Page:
Here’s what they had to say:

Says Bo:

“Every year for my birthday my grandparents would let me look through their watch catalogs and pick out a watch that they would then give me as a birthday gift. I acquired quite the collection over the years. It became harder and harder to find a unique watch to get. Several years ago I saw a wooden watch and I was very interested in getting one. It would be a great addition to my collection. The watch was completely made of wood. Wood and leather are extremely lightweight. Each watch weighs less than one ounce and the leather band form fits to your wrist for a customized fit. We feel we have captured our passion for the outdoors in the design of our watches so those with that same passion love our watches.

Ryan – who has been on board with the project from the beginning – has been mainly focused on manufacturing and the logistics of starting a company. Ryan has had other experiences that have helped lift LunoWear off the ground. He has helped start a couple other companies and has worked with many manufacturers from around the world. He has experience with the logistics of building a company from the ground up which will be essential in a post crowdfunding environment. Ryan also lived in China and speaks fluent Mandarin Chinese. This was a huge bonus when working with manufacturers overseas.”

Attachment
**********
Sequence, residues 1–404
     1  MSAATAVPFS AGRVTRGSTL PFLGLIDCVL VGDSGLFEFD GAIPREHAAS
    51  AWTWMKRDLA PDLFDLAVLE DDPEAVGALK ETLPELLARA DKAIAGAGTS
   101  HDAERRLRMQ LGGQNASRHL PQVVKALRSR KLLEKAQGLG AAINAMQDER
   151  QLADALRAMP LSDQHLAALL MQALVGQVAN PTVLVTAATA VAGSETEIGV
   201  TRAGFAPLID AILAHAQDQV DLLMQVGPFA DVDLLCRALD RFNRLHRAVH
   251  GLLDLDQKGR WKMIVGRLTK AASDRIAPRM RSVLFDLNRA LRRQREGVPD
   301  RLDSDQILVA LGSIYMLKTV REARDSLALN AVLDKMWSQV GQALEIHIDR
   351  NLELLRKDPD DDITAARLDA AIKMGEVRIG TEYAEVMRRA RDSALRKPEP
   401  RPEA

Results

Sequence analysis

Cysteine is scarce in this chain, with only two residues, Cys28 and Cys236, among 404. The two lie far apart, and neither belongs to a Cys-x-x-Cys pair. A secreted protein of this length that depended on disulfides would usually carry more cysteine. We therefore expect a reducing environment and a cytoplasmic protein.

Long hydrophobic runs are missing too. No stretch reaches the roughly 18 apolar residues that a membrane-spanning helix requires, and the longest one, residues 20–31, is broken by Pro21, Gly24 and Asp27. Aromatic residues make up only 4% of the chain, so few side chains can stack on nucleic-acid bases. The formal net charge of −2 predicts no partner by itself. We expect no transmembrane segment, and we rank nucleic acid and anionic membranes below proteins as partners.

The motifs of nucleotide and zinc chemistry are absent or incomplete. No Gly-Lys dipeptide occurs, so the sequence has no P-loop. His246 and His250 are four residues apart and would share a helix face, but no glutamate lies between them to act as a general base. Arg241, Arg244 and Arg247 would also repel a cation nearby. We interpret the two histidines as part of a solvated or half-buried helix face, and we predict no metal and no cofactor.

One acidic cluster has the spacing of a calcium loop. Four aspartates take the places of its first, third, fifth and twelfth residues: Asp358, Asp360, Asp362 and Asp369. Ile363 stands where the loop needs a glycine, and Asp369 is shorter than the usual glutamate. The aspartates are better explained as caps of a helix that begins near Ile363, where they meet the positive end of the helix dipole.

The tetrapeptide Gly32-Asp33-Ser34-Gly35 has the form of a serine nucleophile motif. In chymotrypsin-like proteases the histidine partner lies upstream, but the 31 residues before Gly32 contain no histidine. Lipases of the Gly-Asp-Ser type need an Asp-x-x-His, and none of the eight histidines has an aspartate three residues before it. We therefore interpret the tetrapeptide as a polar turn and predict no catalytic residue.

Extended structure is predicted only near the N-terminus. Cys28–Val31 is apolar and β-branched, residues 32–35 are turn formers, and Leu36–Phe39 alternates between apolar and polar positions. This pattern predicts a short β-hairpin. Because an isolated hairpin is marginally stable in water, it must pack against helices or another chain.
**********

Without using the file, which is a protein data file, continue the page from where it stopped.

Says Ryan:

“Living in China and Taiwan were some of the greatest experiences of my life. I loved the language, people, culture, and food. Taiwan was the first place I went in Asia. I was there as a church representative. The language was tough to learn but over time I was able to get a hang of it. I traveled throughout Taiwan and lived in 8 different cities. I made many friends there and still keep in contact with them frequently. I then came back to the States for a while and then had the opportunity to study at TianJin College. TianJin is about an hour outside of BeiJing. It was incredible being able to travel throughout China. There are endless places to explore. I am constantly looking for ways to go back and visit.

Bo came to me with the idea of building a brand around watches and as soon as he pitched the idea I fell in love with it. Bo has been one of my best friends for a long time and honestly I would follow him into any endeavor. Our active lifestyles have kept us constantly hanging out and pursuing new goals. LunoWear was the next chapter of our friendship and we couldn’t be more pleased with how it is turning out.”


With nearly two weeks left to go in their campaign, there’s more than enough time to pick up your own LunoWear watch for the discounted price of $65. Find out more by heading over to the duo’s Indiegogo page.


Simon is a Brooklyn-based industrial designer and Managing Editor of EVD Media. When he finds the time to design, his focus is on helping startups develop branding and design solutions to realize their product design vision. In addition to his work at Nike and various other clients, he is the main reason anything gets done at EvD Media. He once wrestled an Alaskan alligator buzzard to the ground with his bare hands… to rescue Josh.